We’ve always liked Canada. It’s always reminded us a little like a colder, parallel-universe version of Minnesota, a place of which we have many fond childhood memories. It’s almost like being in the USA, but as Vincent Vega once said of Europe, it’s “the little things” that are different. Their football (or “football” as it’s called there) has three downs instead of four, for heaven’s sake - that’s crazy! They play a strange sport called iced-hockey, but allegedly have (an) NBA and MLB team of their own. They’re sports fans up there, just like us.
(Team name could use a little work.)
However, one thing that’s always been drastically different about the sporting cultures of the two countries is college sports. NCAA athletics are uniquely American in that they - at least in football and basketball - serve as revenue generators and pro sports feeder leagues as opposed to serving strictly as an arm of the universities they represent. That could all be starting to change, though, as Simon Fraser University in British Columbia is the first Canadian school to join the NCAA. S-E-C…Curling?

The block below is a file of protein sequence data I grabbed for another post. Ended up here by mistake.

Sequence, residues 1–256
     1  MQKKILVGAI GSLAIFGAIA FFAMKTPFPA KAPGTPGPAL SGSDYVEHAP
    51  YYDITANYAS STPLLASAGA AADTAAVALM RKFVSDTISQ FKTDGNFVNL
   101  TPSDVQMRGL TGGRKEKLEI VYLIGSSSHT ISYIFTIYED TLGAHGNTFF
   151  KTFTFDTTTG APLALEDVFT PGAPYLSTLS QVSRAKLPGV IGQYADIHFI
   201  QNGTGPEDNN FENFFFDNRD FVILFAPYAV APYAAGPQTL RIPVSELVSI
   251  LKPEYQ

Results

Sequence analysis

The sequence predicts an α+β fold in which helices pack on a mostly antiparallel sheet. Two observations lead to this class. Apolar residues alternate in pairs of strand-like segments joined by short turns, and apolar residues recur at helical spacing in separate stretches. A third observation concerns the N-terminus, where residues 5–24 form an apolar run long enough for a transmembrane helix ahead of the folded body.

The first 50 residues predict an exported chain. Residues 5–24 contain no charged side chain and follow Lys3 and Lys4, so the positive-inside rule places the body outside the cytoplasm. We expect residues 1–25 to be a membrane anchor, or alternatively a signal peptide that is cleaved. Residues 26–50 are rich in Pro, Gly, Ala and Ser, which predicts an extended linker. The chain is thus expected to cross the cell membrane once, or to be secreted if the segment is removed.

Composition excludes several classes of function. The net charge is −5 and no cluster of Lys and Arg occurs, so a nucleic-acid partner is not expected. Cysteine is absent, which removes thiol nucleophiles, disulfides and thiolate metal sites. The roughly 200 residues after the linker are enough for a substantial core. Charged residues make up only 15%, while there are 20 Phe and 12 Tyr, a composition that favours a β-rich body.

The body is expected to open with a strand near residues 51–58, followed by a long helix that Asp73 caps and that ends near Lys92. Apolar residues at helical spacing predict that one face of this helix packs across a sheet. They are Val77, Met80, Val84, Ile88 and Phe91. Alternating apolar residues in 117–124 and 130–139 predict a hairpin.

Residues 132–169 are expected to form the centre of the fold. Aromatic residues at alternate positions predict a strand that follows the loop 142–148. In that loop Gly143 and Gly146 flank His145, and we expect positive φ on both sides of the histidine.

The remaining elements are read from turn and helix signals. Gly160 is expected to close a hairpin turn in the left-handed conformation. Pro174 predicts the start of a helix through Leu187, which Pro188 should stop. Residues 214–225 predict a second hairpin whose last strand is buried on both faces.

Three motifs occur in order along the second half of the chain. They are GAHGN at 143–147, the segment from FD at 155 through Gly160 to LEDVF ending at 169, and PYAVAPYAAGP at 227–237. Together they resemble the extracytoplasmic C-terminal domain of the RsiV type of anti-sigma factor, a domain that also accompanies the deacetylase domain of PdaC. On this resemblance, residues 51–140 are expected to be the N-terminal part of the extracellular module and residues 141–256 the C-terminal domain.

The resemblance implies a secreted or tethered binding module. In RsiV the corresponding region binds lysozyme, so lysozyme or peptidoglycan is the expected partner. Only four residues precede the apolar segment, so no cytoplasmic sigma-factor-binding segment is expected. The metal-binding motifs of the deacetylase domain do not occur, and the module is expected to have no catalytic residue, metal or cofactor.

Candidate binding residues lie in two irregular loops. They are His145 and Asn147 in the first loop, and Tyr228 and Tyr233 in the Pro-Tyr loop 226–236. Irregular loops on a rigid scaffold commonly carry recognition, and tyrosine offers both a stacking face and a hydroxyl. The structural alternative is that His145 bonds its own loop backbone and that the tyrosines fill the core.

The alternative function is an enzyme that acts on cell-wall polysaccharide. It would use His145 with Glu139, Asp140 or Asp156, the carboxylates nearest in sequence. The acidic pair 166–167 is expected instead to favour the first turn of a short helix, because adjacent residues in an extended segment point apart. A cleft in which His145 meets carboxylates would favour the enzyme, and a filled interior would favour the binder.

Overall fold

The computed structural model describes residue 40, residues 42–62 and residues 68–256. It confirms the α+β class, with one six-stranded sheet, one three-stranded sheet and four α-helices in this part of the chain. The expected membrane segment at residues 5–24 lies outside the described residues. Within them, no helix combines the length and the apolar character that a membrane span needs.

Well no, not exactly. According to SPORTS ILLUSTRATED:
A new option emerged on July 10, when the NCAA’s Division II admitted its first non-U.S. school, Simon Fraser in Burnaby, B.C., for a transitional period with the ability to become a full member in 2012-13. Division II made the decision to geographically balance its membership, particularly in the West generally and in the Northwest for football. For now, neither Division I nor Division III is considering opening its membership internationally, and with only a handful of Canadian schools considering Division II, the concept of a North American Collegiate Athletic Association is far-fetched.
OK, the PAC-10 this is not. As the article points out, the move makes sense from a geographic perspective; it’s a lot easier to get to Seattle from B.C. than it is to get to Montreal. And Simon Fraser has been competing internationally for years; we were once on a flight to Chicago with the SFU softball team. Globalization ain’t just for multinational corporations anymore!
However, from an academics issue - and we’re talking Division II so we can still talk academics with a straight face - it raises a couple of interesting questions. The NCAA is notoriously draconian when it comes to approving incoming freshmen’s transcripts. More than one Division I athlete’s career has been derailed because of a high school course not fitting the very narrow guidelines for admission. If the NCAA requires, say, a certain number of American history classes in high school, how will this affect Canadian athletes?
Undoubtedly, these issues will be worked out as Simon Fraser winds its way through the NCAA’s provisions for membership. We just hope they hurry; the NCAA needs to find someone that the Big Ten can beat in a bowl game.